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What is Needed for the Next Level of Internet Applications?

Posted by robogeek on November 26, 2007 at 12:08 PM PST

I found an InfoQ article, What is Needed for the Next Level of Browser Applications?, which brought to mind a couple recent postings I made. The InfoQ article is very well thought out and discusses how to improve the state of applications running inside a web browser.

Ian Roughley starts with: The current level of Ajax toolkits are a result of IE winning the browser race, and all browsers vendors entering a period of stability. Stagnation in browsers features meant that to provide new application features, libraries needed to be developed. And the libraries today have provided good solutions to the holes in browser functionality, as well as providing a browser compatibility layer for developers. and ends with Fortunately the web has already gained huge momentum, being the preferred delivery mechanism of today's applications. And for the web, developers are providing mass and the number of deployed browsers providing velocity.

See, what he's described is the quandry I discussed a couple weeks ago. The Internet is being trapped within a jail called the Web Browser. The limitations inherent in the web browser are limiting the abilities of application developers to provide applications for their customers.

Yes some amazing things have been accomplished with the web, with web browsers, and with the DHTML toolkits. My point is that one can only go so far in application features using an application development framework hosted inside a web browser. Stagnation in browsers, as Ian put it, means application developers have had stagnancy in the capabilities they could code into their applications.

So let's dive into this a bit. An application always runs in a container, whether that container is an appserver, a web browser, or an operating system. We don't write code in machine language (any more) because high level languages make application development easier, and to make high quality multimedia-rich applications requires a high level of abstraction from the underlying machine. To write an application is to use and exercise the capabilities of the container.

You can point to any number of causes for Stagnation in browsers ... the fact is the capabilities of web browsers haven't appreciably increased over time. How can I say that while at the same time being a Firefox user with several extensions installed? Well, the issue is the underlying capabilities Firefox can put into a browser frame are limited by the overall definition of 'what is a Browser'. Also the firefox extensions I find useful are outside the browser frame, and in the surrounding chrome. Like the Web Developer toolbar, or Firebug, etc. The Mozilla Foundation has a bit more freedom in terms of what the XUL application framework can do, but what happens within the browser frame is what I'm discussing here.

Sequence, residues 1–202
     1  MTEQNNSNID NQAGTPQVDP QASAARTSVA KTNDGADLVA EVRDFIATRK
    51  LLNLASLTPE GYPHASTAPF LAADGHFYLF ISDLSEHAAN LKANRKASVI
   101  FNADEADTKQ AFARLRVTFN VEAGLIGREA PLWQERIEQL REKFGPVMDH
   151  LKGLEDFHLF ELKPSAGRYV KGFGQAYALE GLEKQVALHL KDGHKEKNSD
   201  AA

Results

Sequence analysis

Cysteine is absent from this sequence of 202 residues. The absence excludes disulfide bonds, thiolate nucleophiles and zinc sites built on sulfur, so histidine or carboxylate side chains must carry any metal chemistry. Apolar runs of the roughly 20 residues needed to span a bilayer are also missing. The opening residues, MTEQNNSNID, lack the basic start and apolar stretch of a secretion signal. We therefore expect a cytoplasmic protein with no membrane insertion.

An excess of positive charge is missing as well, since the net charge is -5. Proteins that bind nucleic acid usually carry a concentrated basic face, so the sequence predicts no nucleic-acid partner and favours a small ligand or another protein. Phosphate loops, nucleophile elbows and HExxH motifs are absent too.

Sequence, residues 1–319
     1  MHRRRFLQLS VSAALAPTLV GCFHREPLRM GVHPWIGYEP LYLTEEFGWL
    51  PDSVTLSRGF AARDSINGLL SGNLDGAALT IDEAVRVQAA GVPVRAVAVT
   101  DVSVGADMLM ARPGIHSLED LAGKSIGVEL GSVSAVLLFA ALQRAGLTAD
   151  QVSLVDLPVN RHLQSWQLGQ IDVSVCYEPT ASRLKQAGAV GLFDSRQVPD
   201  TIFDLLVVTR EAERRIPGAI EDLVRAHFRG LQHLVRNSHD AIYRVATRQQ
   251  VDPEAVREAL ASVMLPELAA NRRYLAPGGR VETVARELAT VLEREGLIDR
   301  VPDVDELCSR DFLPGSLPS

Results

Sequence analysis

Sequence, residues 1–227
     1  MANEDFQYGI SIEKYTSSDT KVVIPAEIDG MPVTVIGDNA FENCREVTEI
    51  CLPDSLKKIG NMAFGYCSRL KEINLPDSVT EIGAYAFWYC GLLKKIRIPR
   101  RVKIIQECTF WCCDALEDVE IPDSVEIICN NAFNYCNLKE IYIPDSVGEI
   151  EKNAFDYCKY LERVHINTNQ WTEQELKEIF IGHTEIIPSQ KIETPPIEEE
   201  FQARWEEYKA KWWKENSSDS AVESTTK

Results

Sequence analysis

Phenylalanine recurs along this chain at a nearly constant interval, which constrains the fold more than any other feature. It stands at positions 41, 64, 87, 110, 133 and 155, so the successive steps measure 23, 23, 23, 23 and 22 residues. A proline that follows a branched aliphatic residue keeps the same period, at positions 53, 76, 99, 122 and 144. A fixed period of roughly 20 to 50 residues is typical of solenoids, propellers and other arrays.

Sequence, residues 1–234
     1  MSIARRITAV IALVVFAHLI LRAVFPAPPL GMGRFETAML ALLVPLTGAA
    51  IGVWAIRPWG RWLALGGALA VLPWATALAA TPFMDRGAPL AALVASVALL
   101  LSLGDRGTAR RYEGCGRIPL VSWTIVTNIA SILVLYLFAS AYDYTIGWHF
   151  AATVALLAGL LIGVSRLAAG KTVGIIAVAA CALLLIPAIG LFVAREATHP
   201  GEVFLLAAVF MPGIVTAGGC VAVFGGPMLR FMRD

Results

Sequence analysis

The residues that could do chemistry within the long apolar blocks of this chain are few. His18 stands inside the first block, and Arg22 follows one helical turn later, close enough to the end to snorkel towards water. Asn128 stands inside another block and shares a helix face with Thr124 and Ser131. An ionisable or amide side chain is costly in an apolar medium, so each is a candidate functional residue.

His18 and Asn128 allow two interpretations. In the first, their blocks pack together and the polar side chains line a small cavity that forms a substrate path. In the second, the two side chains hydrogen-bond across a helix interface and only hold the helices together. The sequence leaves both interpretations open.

Ian discussed 'Features' saying 'new features' are required but they need to be added with care. That could well be, but it seems to me that the programming model in a web browser isn't low level enough. An advantage of a desktop application GUI platform like Swing is that while it provides you with similar basic components (JTextArea, JButton, etc) you can also dive beneath the covers and do your own painting or start with a raw JComponent and build from there. Comparatively in a browser you can start with a <SPAN> or <DIV> tag and use CSS and Javascript to build up look and behavior but some things are difficult because you don't have strong graphics capabilities underneath you (like Java2D) and you don't (so far as I know) have the capability of designing an animation framework like https://timingframework.dev.java.net/ or https://animatedtransitions.dev.java.net/.

While application development is easier with a high level of abstraction, there are times you have to get close to the metal to make the app do what you want. There's a level where the browser-based application development platform simply prevents you from going.

Ian discussed 'Trust' and this is a big thing for Internet applications, whether they live inside a web browser or not. An Internet application takes part in exchanging data over the Internet, uses several protocols, etc, and it doesn't take a rocket scientist to realize a nefarious person could send out a naughty Internet application. Fortunately the Internet community has several years experience with developing these things. For example in the Java app development model you can have several levels of trust with security managers etc. However a desktop Java app running outside a browser generally doesn't have a security manager installed, and the end user probably doesn't have the expertise or capability to add a security manager to a desktop Java app that doesn't have one.

This is something a web browser does bring to this problem, that there is an assumed level of security when an application runs inside a web browser container. Applications running outside the web browser container don't have that assumed security container around them.

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